Easter blessings from UCAN
There is no more important week in the year for Christians than this Holy Week. We call it Holy because of the mystery we celebrate - God's gift of His son who loves us to his death on Calvary and beyond.
Because of that love, we wish each other Happy Easter even when we know there is a lot of tragedy about it - Good Friday. As Christians, we know that what we see happening with and in Jesus goes to the heart of what we know from our own experience of life.
At the Second Vatican Council, the Christian lives we all lead were described as being shares in the Paschal Mystery. We have our share in the death and resurrection of Jesus every day. Our lives are part of the Paschal Mystery.
At UCAN, we work to describe that mystery in the unfolding tragedies and astonishing blessings of the people we seek out and report, feature and comment on.
While at times deeply distressing work, this effort of ours gets its coherence in the same way the death of Jesus did - because of the astonishing grace of a God who never gives up on life and love.
Because of that, we can wish you Happy Easter.
Fr. Michael Kelly SJ
Rights group demands Papua trial transparency
Justice must be blind in politically charged caseFather Neles Tebay
- Katharina R. Lestari, Jakarta
- January 30, 2012
The five were arrested in October when police moved in to break up what they called the third Papuan Peopleâs Congress after several delegates raised the Morning Star flag, a symbol of the Papua independence movement.
During the crackdown, police fired warning shots, prompting many of the 1,500 participants to flee into nearby hills.
The five who go on trial today are: Forkorus Yaboisembut, who the congress elected president of the Federal Republic of West Papua; Eddison G Waromi, who was elected prime minister; August Makbrowen Senay, who coordinated the congressâ logistics desk; Dominikus Serabut, secretary of the board of customs in Wamena; and Selphius Bobii, the congress chairman.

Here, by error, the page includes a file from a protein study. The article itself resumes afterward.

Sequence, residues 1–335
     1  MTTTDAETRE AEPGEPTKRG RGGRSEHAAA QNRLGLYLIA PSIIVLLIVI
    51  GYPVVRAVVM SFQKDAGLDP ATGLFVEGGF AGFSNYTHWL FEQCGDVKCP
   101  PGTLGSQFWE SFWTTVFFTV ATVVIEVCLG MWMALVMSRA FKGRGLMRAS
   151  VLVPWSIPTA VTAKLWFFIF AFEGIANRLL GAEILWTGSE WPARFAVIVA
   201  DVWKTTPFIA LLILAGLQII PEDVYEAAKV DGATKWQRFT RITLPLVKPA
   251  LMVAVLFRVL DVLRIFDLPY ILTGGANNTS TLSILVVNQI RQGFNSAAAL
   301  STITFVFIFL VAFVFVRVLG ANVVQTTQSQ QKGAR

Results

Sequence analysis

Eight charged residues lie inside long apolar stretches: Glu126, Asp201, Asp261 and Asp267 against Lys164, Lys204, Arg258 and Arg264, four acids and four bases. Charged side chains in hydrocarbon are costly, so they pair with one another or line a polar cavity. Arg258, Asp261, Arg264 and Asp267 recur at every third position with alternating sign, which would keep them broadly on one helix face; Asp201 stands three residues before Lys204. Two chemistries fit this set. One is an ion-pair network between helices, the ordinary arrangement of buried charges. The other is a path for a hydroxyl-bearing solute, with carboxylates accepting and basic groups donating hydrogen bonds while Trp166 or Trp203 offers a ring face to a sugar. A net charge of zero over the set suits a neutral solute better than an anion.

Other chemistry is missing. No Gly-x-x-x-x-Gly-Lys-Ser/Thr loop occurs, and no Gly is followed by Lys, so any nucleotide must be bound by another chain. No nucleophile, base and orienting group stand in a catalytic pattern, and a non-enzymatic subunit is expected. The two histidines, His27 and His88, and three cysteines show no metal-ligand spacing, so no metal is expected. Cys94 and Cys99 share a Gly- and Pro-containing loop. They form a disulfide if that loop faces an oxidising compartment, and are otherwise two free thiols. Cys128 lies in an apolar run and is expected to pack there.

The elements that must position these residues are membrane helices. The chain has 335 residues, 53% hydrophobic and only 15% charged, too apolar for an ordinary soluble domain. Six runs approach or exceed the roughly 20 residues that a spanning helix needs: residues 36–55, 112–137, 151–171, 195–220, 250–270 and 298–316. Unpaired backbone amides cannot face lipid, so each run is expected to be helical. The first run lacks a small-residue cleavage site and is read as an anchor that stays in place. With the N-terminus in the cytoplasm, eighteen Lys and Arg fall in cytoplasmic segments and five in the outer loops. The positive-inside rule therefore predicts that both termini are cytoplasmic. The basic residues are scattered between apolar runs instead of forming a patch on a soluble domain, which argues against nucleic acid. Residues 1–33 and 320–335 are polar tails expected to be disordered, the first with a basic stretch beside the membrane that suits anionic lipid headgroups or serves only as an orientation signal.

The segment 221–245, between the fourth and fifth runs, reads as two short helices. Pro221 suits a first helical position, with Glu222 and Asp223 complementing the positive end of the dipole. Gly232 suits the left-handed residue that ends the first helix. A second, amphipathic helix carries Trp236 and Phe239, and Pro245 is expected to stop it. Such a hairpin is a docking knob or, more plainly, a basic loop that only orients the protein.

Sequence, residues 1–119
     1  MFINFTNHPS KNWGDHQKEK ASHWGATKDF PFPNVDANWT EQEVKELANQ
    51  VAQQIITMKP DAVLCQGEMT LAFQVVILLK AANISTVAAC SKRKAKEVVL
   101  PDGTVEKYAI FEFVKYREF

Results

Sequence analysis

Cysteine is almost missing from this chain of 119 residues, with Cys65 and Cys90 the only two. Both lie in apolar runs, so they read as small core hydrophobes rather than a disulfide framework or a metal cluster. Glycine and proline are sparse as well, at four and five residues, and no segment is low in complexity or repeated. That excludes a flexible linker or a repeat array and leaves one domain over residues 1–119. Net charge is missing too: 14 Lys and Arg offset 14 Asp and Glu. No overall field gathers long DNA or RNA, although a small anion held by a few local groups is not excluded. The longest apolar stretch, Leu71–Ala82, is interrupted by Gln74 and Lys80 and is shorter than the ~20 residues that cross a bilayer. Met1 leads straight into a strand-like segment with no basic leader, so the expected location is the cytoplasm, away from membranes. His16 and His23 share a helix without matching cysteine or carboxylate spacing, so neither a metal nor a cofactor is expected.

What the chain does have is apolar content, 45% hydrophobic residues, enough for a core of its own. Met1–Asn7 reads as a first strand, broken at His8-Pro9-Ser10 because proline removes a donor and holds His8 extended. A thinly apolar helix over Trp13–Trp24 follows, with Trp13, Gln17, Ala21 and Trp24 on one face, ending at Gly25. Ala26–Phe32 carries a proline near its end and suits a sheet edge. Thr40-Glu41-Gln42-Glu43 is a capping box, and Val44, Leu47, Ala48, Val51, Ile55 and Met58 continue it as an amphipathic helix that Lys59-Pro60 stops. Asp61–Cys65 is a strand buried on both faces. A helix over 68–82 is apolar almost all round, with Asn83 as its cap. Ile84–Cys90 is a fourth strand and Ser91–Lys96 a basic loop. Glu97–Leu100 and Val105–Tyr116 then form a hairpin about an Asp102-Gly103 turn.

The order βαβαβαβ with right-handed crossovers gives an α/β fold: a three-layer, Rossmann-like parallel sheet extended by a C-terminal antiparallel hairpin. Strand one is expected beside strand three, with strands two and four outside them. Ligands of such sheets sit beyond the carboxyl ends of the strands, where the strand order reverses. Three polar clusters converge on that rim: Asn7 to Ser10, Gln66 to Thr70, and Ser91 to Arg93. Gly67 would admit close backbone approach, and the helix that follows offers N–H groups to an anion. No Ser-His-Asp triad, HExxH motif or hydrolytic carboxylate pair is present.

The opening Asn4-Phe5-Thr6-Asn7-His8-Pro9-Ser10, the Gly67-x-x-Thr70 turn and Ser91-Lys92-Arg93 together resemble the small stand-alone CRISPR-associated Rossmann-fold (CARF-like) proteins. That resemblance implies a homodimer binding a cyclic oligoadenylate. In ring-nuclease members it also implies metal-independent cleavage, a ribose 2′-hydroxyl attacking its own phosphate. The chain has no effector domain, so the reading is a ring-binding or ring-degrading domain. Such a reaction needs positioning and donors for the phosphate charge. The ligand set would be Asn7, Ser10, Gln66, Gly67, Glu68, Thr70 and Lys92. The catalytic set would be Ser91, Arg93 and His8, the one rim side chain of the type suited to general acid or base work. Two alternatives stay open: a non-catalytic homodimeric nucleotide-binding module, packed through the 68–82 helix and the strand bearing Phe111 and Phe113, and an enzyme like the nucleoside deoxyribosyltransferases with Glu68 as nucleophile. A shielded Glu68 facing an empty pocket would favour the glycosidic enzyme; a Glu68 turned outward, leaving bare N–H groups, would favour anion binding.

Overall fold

Charged with breaking Article 106 of the Criminal Code, which deals with rebellion, they will appear before the District Court in Jayapura, capital of Papua province and face up to 20 years in prison if they are convicted.
The trial is a sensitive one for the government and is likely to arouse strong feelings in Papua, which has special autonomy status and where political violence and accusations of alleged human rights abuses have all too frequently been reported.
âOpen monitoring is necessary to ensure that the legal process is transparent and fair, because the trialâs atmosphere will surely be politically charged,â KontraS said in a statement recently.
The commission has urged the Indonesian government to allow media and the international community to cover the trial as part of efforts taken to make information available to the public and commitments to peacefully deal with issues in Papua.
âWe also urge the Indonesian government to ensure that all law enforcement officers will not be influenced by political interests,â the commission continued.
Coordinator of the Papuan Peace Network Father Neles Tebay agreed that transparency is important.
âIt is not only because of politics. Itâs needed to allow people to follow the trial,â he said after hearing the commissionâs demands.
However he questioned the trial itself, saying it is likely to complicate political issues and become an obstacle for dialogue between the Indonesian government and Papuans which he says is the only way to resolve ongoing disputes.
âThe trial will not help. A dialogue will!â asserted the rector of the Fajar Timur School of Philosophy and Theology in Abepura near Jayapura.
Peace dialogue needs careful preparation
Schools ransacked in Papua crackdown